In 1967 he was appointed Assistant Keeper for Japanese Art at the Ashmolean, and was able, as a Sotheby's colleague put it, to move "straight from the whorehouse to the nunnery".

For nearly four decades Impey was a tireless acquirer of fine objects, vastly expanding the Museum's Japanese holdings, especially in the arts of the Edo and Meiji periods and export art for the Western market. He designed and raised the funds for a new Japanese Decorative Arts gallery to house these treasures. He also befriended several generous benefactors, who made important donations to the museum.

It was largely thanks to Impey that Gerald Reitlinger's collection of 2,500 Oriental ceramics and paintings came to the Ashmolean in 1978.

While visiting Reitlinger, Impey often went beyond the call of duty, on one occasion stripping to his underwear to help his host clean the swimming pool. When Reitlinger's house was devastated by fire, he camped in the ruin with a colleague and salvaged nine-tenths of the collection.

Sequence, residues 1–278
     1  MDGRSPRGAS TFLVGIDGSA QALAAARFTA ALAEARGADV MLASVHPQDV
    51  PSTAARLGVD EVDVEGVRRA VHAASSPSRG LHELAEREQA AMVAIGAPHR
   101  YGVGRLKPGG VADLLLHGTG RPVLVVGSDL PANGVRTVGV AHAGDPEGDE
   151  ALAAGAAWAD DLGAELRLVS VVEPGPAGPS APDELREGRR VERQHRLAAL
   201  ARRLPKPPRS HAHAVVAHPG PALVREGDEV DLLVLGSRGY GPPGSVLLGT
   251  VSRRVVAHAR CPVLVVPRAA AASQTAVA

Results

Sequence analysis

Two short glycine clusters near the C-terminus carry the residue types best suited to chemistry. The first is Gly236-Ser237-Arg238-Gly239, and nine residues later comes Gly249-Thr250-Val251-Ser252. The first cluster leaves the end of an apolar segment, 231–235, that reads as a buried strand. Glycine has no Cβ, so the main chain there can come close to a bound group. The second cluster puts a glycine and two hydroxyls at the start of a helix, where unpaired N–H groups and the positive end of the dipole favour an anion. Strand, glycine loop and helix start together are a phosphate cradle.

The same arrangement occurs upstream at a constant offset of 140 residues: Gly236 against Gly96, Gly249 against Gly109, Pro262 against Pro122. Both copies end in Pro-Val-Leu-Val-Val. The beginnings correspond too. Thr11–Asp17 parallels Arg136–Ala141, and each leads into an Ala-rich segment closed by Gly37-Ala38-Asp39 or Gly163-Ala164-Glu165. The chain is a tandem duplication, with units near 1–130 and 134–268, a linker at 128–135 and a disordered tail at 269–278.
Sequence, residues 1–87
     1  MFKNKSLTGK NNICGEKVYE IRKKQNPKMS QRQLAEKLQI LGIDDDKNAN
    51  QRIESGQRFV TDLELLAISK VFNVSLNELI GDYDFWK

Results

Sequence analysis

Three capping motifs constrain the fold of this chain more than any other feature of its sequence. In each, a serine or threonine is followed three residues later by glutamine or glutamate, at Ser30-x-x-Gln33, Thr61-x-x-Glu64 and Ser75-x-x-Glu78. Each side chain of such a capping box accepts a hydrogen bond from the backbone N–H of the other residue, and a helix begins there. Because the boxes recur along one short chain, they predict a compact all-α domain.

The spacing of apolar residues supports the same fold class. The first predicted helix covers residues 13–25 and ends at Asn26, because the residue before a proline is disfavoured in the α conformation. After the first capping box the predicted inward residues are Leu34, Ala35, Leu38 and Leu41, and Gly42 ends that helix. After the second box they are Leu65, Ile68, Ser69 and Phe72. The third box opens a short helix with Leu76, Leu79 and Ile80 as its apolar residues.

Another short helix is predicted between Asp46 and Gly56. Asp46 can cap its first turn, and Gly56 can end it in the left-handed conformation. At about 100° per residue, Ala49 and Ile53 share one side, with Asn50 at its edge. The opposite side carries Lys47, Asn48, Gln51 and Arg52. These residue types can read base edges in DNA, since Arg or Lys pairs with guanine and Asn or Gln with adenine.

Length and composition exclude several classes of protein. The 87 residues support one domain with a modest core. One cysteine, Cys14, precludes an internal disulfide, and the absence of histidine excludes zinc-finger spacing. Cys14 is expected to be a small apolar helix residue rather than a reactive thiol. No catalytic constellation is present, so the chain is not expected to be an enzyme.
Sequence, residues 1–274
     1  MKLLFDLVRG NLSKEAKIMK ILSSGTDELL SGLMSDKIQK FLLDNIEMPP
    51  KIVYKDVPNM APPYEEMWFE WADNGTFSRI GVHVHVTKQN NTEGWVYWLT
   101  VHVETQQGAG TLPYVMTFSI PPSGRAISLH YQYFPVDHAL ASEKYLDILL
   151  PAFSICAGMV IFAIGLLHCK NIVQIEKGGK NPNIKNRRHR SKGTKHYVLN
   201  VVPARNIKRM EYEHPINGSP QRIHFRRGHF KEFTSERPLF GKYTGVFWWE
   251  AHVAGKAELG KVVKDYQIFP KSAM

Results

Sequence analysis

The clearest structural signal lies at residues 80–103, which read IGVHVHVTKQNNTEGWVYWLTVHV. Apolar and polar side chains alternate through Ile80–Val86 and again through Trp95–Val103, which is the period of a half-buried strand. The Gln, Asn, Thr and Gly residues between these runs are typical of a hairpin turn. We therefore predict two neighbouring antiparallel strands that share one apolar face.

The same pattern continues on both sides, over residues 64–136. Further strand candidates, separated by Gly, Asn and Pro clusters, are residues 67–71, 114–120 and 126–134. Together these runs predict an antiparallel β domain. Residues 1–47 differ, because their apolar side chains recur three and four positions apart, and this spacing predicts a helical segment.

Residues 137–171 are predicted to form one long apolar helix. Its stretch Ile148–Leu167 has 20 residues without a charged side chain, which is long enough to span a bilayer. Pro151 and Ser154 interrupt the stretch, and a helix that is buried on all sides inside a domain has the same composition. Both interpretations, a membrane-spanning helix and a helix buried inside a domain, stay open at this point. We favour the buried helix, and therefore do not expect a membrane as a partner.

In 1969 Impey co-founded the Friends of the Ashmolean and led the first Friends' tours to country houses. To mark the Ashmolean's tercentenary in 1983, he co-organised an international conference on "The Origins of Museums", which gave rise to a classic volume of scholarly papers and the founding of the Journal of the History of Collections, of which he remained an editor.

Impey's cogent and original publications appeared at regular intervals, as well as much lucid writing for a wider public. He published articles on export lacquer and early Japanese painting, among other subjects, and made a valuable study of the original inventories of furnishings at Burghley House.

His most important contribution to ceramic history, Early porcelain kilns of Arita, appeared in 1996. The first book on pre-export porcelain in a European language, it went further than any work in Japanese, not least because Impey was the first scholar to collect material systematically from the kiln sites.